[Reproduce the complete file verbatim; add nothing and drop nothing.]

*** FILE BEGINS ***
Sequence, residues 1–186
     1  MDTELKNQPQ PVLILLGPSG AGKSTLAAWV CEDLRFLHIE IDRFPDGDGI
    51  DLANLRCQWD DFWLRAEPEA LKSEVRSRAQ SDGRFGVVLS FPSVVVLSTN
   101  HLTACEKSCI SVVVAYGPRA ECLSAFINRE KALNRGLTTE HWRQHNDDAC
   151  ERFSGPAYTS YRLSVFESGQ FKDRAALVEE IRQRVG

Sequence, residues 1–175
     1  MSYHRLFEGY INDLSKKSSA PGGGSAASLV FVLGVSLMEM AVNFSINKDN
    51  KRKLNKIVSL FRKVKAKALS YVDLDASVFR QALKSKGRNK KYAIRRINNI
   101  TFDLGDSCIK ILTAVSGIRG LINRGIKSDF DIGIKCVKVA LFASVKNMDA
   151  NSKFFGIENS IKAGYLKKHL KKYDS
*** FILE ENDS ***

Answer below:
Sequence, residues 1–186
     1  MDTELKNQPQ PVLILLGPSG AGKSTLAAWV CEDLRFLHIE IDRFPDGDGI
    51  DLANLRCQWD DFWLRAEPEA LKSEVRSRAQ SDGRFGVVLS FPSVVVLSTN
   101  HLTACEKSCI SVVVAYGPRA ECLSAFINRE KALNRGLTTE HWRQHNDDAC
   151  ERFSGPAYTS YRLSVFESGQ FKDRAALVEE IRQRVG

Sequence, residues 1–175
     1  MSYHRLFEGY INDLSKKSSA PGGGSAASLV FVLGVSLMEM AVNFSINKDN
    51  KRKLNKIVSL FRKVKAKALS YVDLDASVFR QALKSKGRNK KYAIRRINNI
   101  TFDLGDSCIK ILTAVSGIRG LINRGIKSDF DIGIKCVKVA LFASVKNMDA
   151  NSKFFGIENS IKAGYLKKHL KKYDS